J.D. Davis
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Mets acquire J.D. Davis from Astros


The Mets have acquired third baseman J.D. Davis and minor league infielder Cody Bohanek from the Astros, per an official team announcement on Sunday. Minor league infielder Luis Santana, outfielder Ross Adolph, and catcher Scott Manea will return to Houston in exchange for Davis.

The 25-year-old Davis is coming off of a brief two-year stint with the Astros, during which he failed to impress in the majors. After batting near the Mendoza line in 2017, he cratered to a .175/.248/.223 batting line with three extra-base hits and a .471 OPS in 113 PA last year. His potential, however, has been far more pronounced in the minors, where he devastated Triple-A pitchers with a .342 average, 17 home runs, and a .988 OPS in 2018. The corner infielder also comes with some positional versatility, as he’s managed to log several innings at third base, first base, and left field during his time in Houston and is expected to be a viable backup option to all three positions in New York.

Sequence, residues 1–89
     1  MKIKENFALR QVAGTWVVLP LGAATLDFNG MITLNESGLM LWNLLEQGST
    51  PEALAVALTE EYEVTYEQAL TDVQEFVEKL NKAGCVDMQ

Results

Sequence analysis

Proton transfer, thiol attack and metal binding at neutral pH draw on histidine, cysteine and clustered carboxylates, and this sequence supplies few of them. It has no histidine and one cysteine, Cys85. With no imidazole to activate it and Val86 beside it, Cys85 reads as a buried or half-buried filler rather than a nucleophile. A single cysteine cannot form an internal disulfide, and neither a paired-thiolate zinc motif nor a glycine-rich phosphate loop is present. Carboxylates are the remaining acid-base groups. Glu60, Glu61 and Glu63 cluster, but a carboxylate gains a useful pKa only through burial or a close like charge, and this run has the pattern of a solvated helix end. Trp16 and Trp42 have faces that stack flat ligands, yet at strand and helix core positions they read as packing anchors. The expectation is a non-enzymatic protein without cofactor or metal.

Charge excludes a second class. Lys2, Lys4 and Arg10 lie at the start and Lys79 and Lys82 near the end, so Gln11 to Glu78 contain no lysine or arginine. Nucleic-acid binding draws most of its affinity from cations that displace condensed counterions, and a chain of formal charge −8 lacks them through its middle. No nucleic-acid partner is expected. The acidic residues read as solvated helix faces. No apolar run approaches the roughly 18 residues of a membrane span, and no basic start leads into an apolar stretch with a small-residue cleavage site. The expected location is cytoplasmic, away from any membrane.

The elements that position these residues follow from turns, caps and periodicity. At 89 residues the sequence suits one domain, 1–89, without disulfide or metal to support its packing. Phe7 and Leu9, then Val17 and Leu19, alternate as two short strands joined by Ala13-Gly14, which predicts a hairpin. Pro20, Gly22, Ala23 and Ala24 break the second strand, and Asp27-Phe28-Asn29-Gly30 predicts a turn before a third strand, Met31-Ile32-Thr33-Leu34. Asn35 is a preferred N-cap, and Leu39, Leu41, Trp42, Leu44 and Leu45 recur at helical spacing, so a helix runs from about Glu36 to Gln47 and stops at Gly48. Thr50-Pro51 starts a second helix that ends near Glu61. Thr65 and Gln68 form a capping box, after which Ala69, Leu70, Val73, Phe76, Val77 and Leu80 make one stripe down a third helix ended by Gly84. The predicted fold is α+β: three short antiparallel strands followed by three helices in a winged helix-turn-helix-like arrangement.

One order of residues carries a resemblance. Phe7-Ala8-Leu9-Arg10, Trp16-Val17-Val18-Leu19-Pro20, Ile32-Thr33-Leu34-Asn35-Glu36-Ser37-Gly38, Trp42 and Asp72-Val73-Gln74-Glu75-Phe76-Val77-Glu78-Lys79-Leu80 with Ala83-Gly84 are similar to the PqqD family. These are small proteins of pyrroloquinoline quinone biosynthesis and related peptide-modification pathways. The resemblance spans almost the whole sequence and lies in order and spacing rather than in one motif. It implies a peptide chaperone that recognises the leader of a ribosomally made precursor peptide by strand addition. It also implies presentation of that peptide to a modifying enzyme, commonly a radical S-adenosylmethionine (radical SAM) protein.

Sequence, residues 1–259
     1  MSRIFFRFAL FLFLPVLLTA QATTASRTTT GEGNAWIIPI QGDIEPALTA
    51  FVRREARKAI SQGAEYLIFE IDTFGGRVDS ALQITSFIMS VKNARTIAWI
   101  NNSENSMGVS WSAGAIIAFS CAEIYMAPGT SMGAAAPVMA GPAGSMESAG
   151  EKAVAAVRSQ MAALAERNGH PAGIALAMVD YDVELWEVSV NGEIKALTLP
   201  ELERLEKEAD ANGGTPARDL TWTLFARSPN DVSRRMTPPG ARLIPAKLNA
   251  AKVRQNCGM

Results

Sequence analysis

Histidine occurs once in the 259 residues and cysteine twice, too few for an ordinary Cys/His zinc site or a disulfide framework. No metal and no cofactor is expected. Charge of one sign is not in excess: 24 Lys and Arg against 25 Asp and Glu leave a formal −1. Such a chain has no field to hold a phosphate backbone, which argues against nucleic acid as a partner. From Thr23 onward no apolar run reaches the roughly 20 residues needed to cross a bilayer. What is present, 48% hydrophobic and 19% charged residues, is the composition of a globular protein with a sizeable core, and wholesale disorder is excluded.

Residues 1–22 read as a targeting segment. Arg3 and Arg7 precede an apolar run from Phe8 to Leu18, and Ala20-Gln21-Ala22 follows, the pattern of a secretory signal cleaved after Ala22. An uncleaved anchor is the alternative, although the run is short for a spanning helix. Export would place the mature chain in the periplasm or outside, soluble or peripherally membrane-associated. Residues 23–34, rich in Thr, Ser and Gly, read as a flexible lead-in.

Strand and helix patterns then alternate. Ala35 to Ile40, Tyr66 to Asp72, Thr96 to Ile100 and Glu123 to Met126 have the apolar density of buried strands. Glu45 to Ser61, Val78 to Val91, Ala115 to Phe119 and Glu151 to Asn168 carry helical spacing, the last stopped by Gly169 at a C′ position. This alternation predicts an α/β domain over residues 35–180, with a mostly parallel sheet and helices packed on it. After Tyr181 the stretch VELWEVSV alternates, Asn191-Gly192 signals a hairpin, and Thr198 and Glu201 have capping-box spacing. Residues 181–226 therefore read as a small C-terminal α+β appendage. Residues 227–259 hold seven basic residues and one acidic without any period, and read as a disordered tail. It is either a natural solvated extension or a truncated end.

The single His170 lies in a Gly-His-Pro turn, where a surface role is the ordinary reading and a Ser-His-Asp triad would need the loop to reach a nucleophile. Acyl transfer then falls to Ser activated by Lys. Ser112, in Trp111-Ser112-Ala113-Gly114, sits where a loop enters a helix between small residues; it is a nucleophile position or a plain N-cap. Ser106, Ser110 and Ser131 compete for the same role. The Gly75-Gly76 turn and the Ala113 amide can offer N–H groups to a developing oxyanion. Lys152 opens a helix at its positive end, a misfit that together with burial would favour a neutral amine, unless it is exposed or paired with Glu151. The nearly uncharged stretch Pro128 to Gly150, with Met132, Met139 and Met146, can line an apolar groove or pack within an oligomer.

Bohanek, 23, is a versatile middle infielder who made a considerable jump up to Triple-A Fresno during his second season in the minors. He slashed .214/.324/.293 with six home runs, 14 stolen bases (in 19 chances), and a .617 OPS in 460 PA across three levels in 2018.

The Astros, meanwhile, are getting the Mets’ no. 24 prospect in second baseman Luis Santana. The 18-year-old has impressed in three rookie-ball gigs so far and batted a robust .348/.446/.471 for the Mets’ affiliate during 2018. Houston also added outfield and catching depth with Adolph and Manea, respectively, both of whom carried .250+ averages in A-ball last season.

Oakland Athletics reverse course, will continue to pay minor leaguers

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Susan Slusser of the San Francisco Chronicle reports that Oakland Athletics owner John Fisher has reversed course and will continue to pay minor leaguers. Fisher tells Slusser, “I concluded I made a mistake.” He said he is also setting up an assistance fund for furloughed employees.

The A’s decided in late May to stop paying paying minor leaguers as of June 1, which was the earliest date on which any club could do so after an MLB-wide agreement to pay minor leaguers through May 31 expired. In the event, the A’s were the only team to stop paying the $400/week stipends to players before the end of June. Some teams, notable the Royals and Twins, promised to keep the payments up through August 31, which is when the minor league season would’ve ended. The Washington Nationals decided to lop off $100 of the stipends last week but, after a day’s worth of blowback from the media and fans, reversed course themselves.